Kōrero Pukapuka

I joke and skite just a little bit about my moko being able to read. He is only 8 months old, so of course I know that he is not “actually” reading.

What he is doing is listening to a soothing voice, hearing repetitive words and phrases, learning how sentences go together, building his vocabulary, looking at pictures and seeing colours, patterns and shapes, finding out which way the pages go when they are turned, figuring out which way up the book goes, enjoying being held and given attention, enjoying routine. I absolutely love watching his face light up as he absorbs his daily bedtime stories and the pictures in books. Knowing he is getting a head start for literacy is assuring.

I know he is not “reading” but I do know that his imagination is being set alight, that he is learning and soaking up everything in front of him from the absolute concentration on his ātaahua face.




As a teacher I know that early literacy is essential for success. Kids who can read find being at school so much easier, kids who find success at school go on to be able make better choices for their future. That doesn’t mean that there are any foregone conclusions or major expectations as to what he might be, what he might do, what might make him happy. We are providing an opportunity for him to have a happy and successful life. It means that he will likely have greater choices as to what makes him happy and hopefully mean he is never limited.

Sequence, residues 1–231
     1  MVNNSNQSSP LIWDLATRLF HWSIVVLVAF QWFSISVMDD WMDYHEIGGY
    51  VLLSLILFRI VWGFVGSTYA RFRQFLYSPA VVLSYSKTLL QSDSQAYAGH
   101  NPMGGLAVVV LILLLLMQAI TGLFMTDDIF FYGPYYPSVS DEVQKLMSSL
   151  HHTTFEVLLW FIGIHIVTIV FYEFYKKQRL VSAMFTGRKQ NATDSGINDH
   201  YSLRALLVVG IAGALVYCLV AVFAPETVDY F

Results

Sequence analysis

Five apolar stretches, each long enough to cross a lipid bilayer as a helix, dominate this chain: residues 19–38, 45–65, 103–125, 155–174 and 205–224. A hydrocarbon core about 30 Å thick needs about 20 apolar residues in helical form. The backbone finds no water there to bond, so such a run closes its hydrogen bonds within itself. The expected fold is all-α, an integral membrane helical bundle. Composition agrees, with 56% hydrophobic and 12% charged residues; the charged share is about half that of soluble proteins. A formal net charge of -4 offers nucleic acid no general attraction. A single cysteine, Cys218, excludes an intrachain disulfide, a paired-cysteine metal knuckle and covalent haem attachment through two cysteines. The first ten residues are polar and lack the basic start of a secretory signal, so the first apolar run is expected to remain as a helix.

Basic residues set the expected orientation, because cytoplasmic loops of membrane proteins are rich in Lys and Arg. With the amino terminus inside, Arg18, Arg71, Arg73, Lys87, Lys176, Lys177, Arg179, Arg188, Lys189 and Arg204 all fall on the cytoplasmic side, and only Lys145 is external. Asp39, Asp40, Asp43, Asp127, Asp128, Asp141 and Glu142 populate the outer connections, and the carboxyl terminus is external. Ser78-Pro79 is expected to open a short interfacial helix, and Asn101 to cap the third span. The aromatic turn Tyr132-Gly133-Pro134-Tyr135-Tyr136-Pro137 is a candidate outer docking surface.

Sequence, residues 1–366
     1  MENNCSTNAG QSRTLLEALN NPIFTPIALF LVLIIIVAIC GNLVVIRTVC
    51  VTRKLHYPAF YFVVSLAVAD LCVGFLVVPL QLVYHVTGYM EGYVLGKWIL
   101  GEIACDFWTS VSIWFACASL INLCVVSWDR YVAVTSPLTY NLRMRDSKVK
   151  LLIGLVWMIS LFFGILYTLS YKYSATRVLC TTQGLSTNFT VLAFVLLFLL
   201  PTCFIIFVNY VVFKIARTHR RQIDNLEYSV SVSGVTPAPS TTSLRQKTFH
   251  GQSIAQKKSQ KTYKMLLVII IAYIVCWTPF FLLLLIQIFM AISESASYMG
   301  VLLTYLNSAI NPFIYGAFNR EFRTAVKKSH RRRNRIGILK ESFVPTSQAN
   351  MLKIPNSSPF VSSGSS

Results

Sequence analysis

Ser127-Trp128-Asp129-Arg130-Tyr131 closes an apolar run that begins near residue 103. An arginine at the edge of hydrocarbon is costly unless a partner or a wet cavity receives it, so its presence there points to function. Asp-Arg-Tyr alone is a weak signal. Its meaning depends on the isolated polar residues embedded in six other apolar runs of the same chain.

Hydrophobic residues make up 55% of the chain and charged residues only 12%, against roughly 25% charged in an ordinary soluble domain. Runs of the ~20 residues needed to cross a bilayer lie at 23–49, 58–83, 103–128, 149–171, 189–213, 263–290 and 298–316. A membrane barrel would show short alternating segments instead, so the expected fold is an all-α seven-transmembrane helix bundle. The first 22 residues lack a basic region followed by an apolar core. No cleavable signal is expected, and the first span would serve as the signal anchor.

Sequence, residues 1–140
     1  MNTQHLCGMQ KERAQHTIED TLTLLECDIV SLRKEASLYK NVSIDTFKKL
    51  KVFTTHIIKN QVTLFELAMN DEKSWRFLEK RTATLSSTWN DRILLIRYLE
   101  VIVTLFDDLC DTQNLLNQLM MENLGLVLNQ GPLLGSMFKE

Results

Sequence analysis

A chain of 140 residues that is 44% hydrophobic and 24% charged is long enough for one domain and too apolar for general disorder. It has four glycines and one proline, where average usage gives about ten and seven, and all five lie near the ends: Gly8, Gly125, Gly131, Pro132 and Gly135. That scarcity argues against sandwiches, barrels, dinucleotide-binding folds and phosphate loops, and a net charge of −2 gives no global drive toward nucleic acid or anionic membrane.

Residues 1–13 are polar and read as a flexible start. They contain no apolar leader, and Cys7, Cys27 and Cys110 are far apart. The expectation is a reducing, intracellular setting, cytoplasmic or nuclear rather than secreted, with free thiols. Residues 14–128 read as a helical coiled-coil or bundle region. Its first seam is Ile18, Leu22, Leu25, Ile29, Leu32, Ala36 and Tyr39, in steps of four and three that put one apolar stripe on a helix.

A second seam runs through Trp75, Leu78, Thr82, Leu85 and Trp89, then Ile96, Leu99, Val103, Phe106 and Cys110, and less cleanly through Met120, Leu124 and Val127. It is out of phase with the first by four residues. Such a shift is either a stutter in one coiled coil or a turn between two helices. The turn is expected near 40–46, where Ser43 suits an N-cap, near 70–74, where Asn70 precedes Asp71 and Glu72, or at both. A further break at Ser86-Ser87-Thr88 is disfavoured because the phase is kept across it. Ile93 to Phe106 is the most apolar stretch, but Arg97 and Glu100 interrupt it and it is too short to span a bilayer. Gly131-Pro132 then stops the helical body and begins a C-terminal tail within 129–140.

Lots of people might have thought it was a little bit strange that my daughter started reading to her new born within the first few days. Some might think it even more strange that there were a few embarrassed stories read to her puku. I know she thought it felt weird and the first stories were read quietly so no one else could hear. I’m pretty sure her and her partner both read to him in secrecy for quite some time. Their confidence has grown, and I’m glad it has because you can tell that my moko loves this time of the day. They all do.

What is even more impressive is that my daughter is using this to develop her own reo Maori with bi-lingual and Te Reo Maori books. It is helping our whole whānau to feel more confident using more and more kupu as we kōrero with him. Like reading, second language development works best if it is started early.

I’m really proud they are giving my moko these opportunities. Like I have said before, I am only the Nanny, so I can suggest and hope, but I really have no say. Well done whanau, another way of showing you’ve got this!




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